- Have had surgery on their digestive system
Clostridium Difficile (C. diff) Symptoms
When you have C. diff, the symptoms can range from mild to severe.
Mild symptoms can include problems like:
- Watery diarrhea that happens three to four times a day for several days
- Stomach pain, cramping, or tenderness
In more serious infections, there may be blood or pus in the stool. This can happen because C. diff can cause the colon — also called the large intestine — to get inflamed. When this happens, tissue in the colon can bleed or make pus. Other symptoms of a serious infection include:
- Diarrhea more than 10 times a day
- Severe cramping
- Loss of appetite/weight loss
- Rapid heart rate
If your C. diff infection is severe, you could get severe intestinal inflammation. Your colon could also get enlarged and you could develop an extreme response to infection called sepsis. All of these problems are serious and could send you to the hospital.
If your diarrhea from C. diff is very severe, get medical help quickly. Severe diarrhea can lead to life-threatening dehydration.
Are there any complications?
While most C. diff infections don’t cause any long-term problems, more serious ones can lead to complications, such as:
- Toxic megacolon. Toxic megacolon is a rare condition that causes a grossly enlarged colon. Left untreated, your colon can rupture. This can be fatal.
- Bowel perforation. Damage from the infection or toxic megacolon can cause a hole to form in your intestines.
- Kidney injury. In severe cases of C. diff infection, rapid dehydration can lead to acute kidney injury.
Diagnosis of Clostridium Difficile
A diagnosis of C. difficile infection is based on the presence of:
- Other signs and symptoms of C. difficile infection
- Presence of C. difficile in a stool sample
People who have regular, formed stools should not be tested for C. difficile infection. Recent use of antibiotics is not required for making a diagnosis of C. difficile infection.
If C. difficile infection is suspected, your doctor will order one or more laboratory tests of a stool sample. These tests identify either the toxins or strains of the bacteria that produce toxins.
In rare instances, to help confirm a diagnosis of C. difficile infection and look for alternative causes of your symptoms, your doctor may examine the inside of your colon. This test (flexible sigmoidoscopy or colonoscopy) involves inserting a flexible tube with a small camera on one end into your colon to look for areas of inflammation or abnormal tissue.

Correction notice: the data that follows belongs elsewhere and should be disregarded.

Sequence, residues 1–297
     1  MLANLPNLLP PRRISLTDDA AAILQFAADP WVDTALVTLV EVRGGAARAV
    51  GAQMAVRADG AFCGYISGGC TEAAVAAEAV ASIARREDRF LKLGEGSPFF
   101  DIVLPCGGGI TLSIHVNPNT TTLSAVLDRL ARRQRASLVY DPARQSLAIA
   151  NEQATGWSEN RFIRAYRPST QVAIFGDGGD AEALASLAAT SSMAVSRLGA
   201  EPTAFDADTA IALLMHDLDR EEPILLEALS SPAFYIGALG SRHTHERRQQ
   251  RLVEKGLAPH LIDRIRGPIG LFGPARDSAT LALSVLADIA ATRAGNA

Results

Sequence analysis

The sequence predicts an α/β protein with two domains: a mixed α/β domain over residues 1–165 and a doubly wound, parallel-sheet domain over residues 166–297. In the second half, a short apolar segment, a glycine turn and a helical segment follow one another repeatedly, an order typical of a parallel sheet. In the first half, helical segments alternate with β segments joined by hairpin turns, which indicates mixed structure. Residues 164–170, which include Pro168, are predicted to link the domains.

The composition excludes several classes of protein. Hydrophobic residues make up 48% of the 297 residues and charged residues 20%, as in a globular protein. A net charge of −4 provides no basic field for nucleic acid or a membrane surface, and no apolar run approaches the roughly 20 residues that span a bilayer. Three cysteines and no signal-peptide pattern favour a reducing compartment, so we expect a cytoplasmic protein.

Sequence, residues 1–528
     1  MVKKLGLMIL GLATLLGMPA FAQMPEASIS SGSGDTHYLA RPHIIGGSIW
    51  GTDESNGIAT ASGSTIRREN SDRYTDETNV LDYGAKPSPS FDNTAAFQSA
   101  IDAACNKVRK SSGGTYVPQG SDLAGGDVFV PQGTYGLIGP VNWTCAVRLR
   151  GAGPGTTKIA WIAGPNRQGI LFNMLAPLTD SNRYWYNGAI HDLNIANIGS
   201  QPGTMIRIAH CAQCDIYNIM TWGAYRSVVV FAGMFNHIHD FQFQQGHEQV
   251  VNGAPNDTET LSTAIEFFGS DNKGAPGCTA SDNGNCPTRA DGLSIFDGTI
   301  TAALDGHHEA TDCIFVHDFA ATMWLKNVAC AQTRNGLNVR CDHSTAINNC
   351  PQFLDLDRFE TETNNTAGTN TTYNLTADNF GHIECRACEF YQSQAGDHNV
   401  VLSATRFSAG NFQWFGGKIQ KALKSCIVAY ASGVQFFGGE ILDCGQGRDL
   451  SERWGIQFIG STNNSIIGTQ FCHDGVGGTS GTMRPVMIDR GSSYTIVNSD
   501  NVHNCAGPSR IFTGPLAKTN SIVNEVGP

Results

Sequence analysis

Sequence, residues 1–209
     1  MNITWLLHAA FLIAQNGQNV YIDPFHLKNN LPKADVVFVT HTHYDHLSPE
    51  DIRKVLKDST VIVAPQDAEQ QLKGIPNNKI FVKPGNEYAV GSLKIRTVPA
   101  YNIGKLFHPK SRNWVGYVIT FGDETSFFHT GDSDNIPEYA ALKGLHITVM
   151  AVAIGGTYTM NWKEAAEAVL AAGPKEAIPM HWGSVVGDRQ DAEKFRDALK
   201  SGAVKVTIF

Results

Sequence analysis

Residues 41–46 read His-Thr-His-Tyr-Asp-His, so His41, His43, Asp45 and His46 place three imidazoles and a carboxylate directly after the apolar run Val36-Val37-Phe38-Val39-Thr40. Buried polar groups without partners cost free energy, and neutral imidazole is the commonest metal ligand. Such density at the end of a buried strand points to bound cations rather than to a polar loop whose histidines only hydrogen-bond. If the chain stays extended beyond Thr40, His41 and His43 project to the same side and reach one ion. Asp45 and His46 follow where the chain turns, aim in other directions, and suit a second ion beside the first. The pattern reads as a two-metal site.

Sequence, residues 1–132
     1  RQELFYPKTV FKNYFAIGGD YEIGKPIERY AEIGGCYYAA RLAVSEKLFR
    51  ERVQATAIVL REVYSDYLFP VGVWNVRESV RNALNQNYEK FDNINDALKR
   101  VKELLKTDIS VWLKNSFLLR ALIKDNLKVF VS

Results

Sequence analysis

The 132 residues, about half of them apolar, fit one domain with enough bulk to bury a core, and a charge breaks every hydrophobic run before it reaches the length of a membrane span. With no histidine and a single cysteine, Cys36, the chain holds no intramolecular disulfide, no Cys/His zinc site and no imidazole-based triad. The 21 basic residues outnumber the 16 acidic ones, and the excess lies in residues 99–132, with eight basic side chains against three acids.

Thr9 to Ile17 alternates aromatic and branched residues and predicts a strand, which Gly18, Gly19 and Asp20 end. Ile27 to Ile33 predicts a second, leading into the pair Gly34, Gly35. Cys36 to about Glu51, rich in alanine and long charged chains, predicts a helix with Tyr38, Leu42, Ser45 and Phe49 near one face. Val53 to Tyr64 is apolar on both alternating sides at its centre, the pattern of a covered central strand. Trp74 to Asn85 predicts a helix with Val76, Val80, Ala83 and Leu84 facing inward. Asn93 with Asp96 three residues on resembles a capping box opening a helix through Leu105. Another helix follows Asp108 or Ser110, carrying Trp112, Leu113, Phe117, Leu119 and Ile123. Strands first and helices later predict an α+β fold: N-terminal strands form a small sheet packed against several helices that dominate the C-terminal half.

If your doctor is concerned about possible complications of C. difficile infection, he or she may order an abdominal X-ray or a computerized tomography (CT) scan, which provides images of your colon. The scan can detect the presence of complications such as:
- Thickening of the colon wall
- Enlargement of the bowel
- A hole (perforation) in the lining of your colon.
Treatment for C. difficile
Your GP will decide whether you need hospital treatment (if you’re not already in hospital). If the infection is relatively mild, you may be treated at home.
If you’re in hospital, you might be moved to a room of your own during treatment to reduce the risk of the infection spreading to others.
Treatment for C. difficile can include:
- Stopping the antibiotics thought to be causing the infection, if possible – in mild cases, this may be the only treatment that’s needed
- Taking a 10 to 14-day course of antibiotics that are known to kill C. difficile bacteria
- Rarely, serious infections may require surgery to remove a damaged section of the bowel
- difficile infections usually respond well to treatment, with most people making a full recovery in a week or two. However, the symptoms come back in around 1 in 5 cases and treatment may need to be repeated.
Looking after yourself at home
If you’re well enough to be treated at home, the following measures can help relieve your symptoms and prevent the infection spreading:
- Make sure you finish the entire course of any antibiotics you’re prescribed, even if you’re feeling better
- Drink plenty of fluids to avoid dehydration and eat plain foods such as soup, rice, pasta and bread if you feel hungry
- Take Paracetamol for tummy pain or a fever
- Don’t take anti-diarrhoeal medication, as this can stop the infection being cleared from your body
- Regularly wash your hands and contaminated surfaces, objects or sheets (see How to stop C. difficile spreading)
- Stay at home until at least 48 hours after your last episode of diarrhoea
Your GP may contact you regularly to make sure you’re getting better. Call them if your symptoms return after treatment finishes, as it may need to be repeated.
Can Clostridium Difficile infections be prevented?
There are steps you can take to try to prevent getting or spreading C. diff:
- Wash your hands with soap and water after you use the bathroom and before you eat
- If you have diarrhea, clean the bathroom that you used before anyone else uses it. Use bleach mixed with water or another disinfectant to clean the toilet seat, handle, and lid.
Health care providers can also help prevent C. diff infections by taking infection control precautions and improving how they prescribe antibiotics.